As I was walking to the store yesterday, fantasizing about my first art show opening, which lives in my imagination, I started thinking about how what one does is so much a part of how others view them. When I was a prosecutor, I wore the mantel of the government and enjoyed the status that comes automatically from the label "Attorney". As an attorney I buried myself in my work and found myself in a near panic every time someone asked me, "So, what do you do for fun?" I felt great sadness that I did not know how to answer that question. The truth was that I had so embraced my role as a prosecutor and lawyer that I had, over time, ceased to be anything but what those labels implied. When I realized that I no longer could sense any part of myself that was not identified with my chosen profession I left the practice of law.
Two years have passed since then and I am a much calmer, more centered, happier and lighter individual for having taken the jump into creating a life I truly want to be living. And, yet, I now find myself terrified by the question, "So, what do you do for work?" In giving up my status, my title, and my unhappiness I now find myself wondering if who I am without those societal validators is enough. Am I enough?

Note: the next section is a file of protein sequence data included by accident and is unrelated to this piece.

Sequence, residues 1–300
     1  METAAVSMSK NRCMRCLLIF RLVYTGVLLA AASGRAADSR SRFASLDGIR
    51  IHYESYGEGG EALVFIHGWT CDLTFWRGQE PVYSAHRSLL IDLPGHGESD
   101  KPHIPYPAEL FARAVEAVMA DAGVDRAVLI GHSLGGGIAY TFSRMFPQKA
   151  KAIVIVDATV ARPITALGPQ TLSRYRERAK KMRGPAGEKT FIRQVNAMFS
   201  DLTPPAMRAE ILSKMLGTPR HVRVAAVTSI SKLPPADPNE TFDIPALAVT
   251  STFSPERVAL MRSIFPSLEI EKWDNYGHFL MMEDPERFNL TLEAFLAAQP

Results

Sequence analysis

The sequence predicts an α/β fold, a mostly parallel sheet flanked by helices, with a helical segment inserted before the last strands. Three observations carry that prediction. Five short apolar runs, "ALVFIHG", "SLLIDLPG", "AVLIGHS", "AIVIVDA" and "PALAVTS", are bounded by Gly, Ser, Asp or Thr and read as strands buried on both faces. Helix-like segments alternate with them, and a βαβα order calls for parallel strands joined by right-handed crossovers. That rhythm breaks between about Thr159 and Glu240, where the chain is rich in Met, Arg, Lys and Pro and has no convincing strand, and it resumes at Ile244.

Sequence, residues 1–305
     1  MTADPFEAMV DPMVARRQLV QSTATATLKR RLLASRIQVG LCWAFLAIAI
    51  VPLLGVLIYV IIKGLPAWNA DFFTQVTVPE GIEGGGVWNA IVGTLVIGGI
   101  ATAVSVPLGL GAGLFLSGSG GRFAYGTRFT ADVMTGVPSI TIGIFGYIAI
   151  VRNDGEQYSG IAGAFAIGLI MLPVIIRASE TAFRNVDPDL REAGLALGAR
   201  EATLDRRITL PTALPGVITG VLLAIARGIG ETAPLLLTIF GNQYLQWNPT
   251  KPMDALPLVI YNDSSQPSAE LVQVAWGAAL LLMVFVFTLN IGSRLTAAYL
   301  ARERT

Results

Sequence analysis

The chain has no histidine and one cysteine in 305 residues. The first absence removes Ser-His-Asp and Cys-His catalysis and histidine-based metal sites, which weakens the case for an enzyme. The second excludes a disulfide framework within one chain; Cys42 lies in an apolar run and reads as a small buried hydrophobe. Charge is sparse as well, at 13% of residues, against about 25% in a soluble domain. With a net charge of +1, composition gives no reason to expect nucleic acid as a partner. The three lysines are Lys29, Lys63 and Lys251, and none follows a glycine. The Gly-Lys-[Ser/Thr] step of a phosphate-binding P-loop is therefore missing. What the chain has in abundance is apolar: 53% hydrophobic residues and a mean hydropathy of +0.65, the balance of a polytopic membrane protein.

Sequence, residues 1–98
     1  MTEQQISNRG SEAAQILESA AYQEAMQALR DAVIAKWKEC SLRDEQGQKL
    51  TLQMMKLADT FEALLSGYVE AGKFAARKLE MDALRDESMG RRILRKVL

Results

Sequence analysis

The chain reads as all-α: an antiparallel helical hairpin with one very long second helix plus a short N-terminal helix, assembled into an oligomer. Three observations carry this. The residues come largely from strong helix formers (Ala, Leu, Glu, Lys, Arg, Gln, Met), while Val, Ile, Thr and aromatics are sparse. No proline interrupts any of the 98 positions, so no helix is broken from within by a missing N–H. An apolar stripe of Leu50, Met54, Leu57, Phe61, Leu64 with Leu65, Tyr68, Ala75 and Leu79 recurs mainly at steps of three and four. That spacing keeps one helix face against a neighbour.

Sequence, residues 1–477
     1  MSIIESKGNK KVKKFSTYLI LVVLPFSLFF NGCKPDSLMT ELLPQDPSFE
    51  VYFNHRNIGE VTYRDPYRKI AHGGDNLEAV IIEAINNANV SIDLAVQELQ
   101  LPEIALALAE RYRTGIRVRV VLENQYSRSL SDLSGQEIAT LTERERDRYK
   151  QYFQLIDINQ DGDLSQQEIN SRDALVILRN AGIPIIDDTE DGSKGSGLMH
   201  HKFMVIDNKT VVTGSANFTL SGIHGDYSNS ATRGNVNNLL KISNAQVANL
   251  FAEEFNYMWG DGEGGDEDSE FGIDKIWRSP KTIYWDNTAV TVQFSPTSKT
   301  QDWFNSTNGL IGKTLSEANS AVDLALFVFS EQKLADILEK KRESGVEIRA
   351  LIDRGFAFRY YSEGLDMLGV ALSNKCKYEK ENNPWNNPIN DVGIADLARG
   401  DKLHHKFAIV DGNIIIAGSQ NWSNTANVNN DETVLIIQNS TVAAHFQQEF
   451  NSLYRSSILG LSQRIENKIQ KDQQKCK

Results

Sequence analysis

A few weeks ago while I was wallowing quite openly in my despair over my self proclaimed identity crisis my good friend looked at his 2 year old and said, in essence, "What does he do? Is he productive? No, he does nothing. He just laughs and is." He just is. He just is delightful. Later, I asked my husband to identify how I am useful in this world. He replied that I inspire people. And so I ask you, is being inspiring enough?